Sustainable Tourism at Wray Valley
We aim to make our business as sustainable and eco-friendly as possible, while providing an enjoyable visitor experience.
We strive to
- minimise our impact on the environment
- promote nature conservation and biodiversity
- support local businesses.
We have developed an environmental, social and governance policy that explains our approach to sustainability. In turn our Responsible Visitor Charter gives you information on how you can make sure your trip is as sustainable as possible. Our sustainability practices have been recognised with the Gold grade of the Green Tourism Award.
Read on to find out what we have done so far…..
Michelle is a former environmental consultant with a MSc in Environmental Sustainability and is a retired member of the Institute of Environmental Management and Assessment.
Apart from our electricity and phone line we are “off grid”. That means that there is no mains gas, water or sewerage here.
The house has a very effective septic tank system which handles all the sewage and grey water from the B&B and the campsite showers and toilets. We may need to upgrade it to a treatment plant at some point, but it currently works well.
In addition, for those ‘greener’ campers we have a very efficient ‘tree bog’. A compost toilet where the manure produced is absorbed by a planting of alder and willow trees around the toilet. It has worked really well for 2 years now, uses no water and provides a lot of healthy tree growth. The sawdust used in our treebog mainly comes from Miranda Salmon, a local bespoke furniture maker and designer.
- Our eggs normally come from our very friendly hens (when their supply keeps up with your demand). Otherwise we will supplement from other local producers.
- Our wholemeal bread and yoghurt are homemade from ingredients sourced within the southwest.
- Our pizza bases on pizza night are made from flour sourced from a mill within the southwest and hand stretched in front of you!
- Our bramble, plum and strawberry jams are homemade. The blackberries are our own, the strawberries come from Cheddar and the plums are Devon grown all sourced from a local greengrocer.
- Our water comes from the borehole in the camping field and is treated on site. It has been certified fit for public supply.
- We make our own apple juice to serve at breakfast and for you to buy. See us pressing the apples here.
- We also have meadowsweet and elderflower cordials to keep you cool in the summer, grown, picked and made here.
You can buy our jams, preserves, apple juice and eggs while stocks last.
We actively promote local food and drink producers and recommend you try the following while you are here:
- Locally sourced meat from Michael Howard Butchers – Moretonhampstead
- The Van du Pain – Bread by Liz – mobile van but based in Moretonhampstead also available at Lustleigh Dairy
- Wild Hart Venison – delivers to us for free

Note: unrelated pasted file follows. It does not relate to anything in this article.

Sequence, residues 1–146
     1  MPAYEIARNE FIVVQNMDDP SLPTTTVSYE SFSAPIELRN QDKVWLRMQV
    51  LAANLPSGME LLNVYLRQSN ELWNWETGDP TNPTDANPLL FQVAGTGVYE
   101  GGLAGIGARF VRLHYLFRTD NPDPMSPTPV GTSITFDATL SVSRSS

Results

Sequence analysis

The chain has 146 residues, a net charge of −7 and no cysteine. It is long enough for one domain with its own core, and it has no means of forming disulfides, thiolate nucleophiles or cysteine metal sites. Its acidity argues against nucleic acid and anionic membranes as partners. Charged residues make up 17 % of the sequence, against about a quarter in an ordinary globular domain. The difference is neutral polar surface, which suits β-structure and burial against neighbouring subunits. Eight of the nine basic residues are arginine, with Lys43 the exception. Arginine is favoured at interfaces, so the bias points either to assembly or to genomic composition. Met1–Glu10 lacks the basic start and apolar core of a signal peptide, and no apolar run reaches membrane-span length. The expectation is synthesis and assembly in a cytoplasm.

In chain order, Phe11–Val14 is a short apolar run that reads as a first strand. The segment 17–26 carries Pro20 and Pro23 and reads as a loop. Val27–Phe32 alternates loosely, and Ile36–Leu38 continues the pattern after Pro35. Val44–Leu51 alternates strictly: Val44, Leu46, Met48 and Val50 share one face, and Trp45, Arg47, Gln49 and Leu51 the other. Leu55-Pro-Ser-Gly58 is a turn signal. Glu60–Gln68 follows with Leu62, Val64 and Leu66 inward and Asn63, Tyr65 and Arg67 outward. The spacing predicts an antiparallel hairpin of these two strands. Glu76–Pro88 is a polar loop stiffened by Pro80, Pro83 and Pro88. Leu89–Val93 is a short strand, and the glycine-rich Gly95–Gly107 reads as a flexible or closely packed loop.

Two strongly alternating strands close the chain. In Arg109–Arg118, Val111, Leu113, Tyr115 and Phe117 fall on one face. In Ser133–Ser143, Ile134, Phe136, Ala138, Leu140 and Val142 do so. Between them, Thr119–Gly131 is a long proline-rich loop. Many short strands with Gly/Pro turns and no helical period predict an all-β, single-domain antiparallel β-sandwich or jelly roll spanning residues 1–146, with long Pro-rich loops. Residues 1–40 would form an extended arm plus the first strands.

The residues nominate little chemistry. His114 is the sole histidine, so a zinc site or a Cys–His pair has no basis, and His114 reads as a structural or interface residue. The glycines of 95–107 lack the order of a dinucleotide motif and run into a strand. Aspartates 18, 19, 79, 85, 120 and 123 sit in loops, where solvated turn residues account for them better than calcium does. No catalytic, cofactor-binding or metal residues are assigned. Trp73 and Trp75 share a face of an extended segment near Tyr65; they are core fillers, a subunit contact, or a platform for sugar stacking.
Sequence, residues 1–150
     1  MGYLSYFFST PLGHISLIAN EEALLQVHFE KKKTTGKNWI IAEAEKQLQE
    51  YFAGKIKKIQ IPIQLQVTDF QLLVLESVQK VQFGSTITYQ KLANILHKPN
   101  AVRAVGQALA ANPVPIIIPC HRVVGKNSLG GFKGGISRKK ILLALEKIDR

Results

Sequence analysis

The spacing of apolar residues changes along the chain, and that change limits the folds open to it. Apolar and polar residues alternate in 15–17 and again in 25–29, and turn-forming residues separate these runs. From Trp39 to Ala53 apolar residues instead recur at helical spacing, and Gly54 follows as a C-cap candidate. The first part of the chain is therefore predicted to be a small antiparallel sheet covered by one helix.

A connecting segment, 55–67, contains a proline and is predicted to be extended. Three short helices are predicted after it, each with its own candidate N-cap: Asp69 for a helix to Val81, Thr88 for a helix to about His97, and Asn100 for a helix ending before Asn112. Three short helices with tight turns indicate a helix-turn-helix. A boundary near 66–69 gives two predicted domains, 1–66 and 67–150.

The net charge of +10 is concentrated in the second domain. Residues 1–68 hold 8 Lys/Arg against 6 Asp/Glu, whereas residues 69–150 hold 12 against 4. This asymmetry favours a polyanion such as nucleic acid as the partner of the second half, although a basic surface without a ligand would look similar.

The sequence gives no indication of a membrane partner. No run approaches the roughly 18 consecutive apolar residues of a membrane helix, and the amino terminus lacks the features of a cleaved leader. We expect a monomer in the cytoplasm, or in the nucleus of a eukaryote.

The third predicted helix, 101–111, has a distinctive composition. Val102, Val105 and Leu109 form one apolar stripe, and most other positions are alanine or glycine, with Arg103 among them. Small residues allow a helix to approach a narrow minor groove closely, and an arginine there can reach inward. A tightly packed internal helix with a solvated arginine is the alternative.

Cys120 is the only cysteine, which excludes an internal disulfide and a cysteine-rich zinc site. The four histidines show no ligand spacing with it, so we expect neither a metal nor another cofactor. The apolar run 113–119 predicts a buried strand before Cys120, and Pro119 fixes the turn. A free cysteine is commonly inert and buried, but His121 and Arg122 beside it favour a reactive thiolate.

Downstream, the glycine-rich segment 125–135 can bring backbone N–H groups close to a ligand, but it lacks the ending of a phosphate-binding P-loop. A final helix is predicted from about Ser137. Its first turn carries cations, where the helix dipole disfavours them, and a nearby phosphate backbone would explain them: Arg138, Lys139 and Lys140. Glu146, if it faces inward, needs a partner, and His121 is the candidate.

- Papillon Gin – Moretonhampstead (refills available from The Bottle Shop in Cross St)
- Little Dartmoor – Artisan Chocolates – Moretonhampstead. Free Collection
- Ivybridge Brewing Co – supplies our excellent beers and has a brewery tap in Ivybridge
- Midfields Granola produced near Moretonhampstead and available to buy locally, e.g. in Michael Howard.
- Dartmoor Whisky – made in the old town hall in Bovey Tracey.
- Swannaford Wine – near Dunsford
- Huxbear Wine – near Chudleigh
If you are a local food and drink producer and would like to be listed here please contact us.
- The Hay Meadow is being managed into a wild flower meadow and is scythed in late summer and will be grazed over winter.
- Biodiversity corridors are preserved between the camping pitches to provide a haven for wildlife and privacy for campers.
- Bramble scrub and nettle patches are preserved for birds, bees and butterflies
- Invasive species such as Himalayan Balsam and Hemlock Water Dropwort are removed when spotted. We are working with the National Park ecologist on this.
- Creation of wildlife ponds to supplement the river.
- Management of the riparian (riverside) habitat.
- Laying hedgerows that have not been managed correctly by previous owners.
- Working with Moor Trees to re-planting missing hedgerows and establish new hedges
- Rejuvenated the existing 4 apple trees from the original orchard and two others in the garden
- Expanded the orchard with 12 new apple trees and all from Devon or the wider south west
- Bankside coppicing to reduce risk of bankside erosion
- Hedge management
- Scrub control to ensure mosaic of habitat in Water Meadow
- Clearance of the drainage ditches in the alder wood. These ditches drain the Wray Valley Trail
A big part of tourism’s environmental impact is car miles. Both getting here and then sightseeing once you’ve arrived. It is possible to get here and get about without a car. Click here to find out more about public transport and arriving by bike or on foot and what we are doing regarding electric vehicle (EV) charging.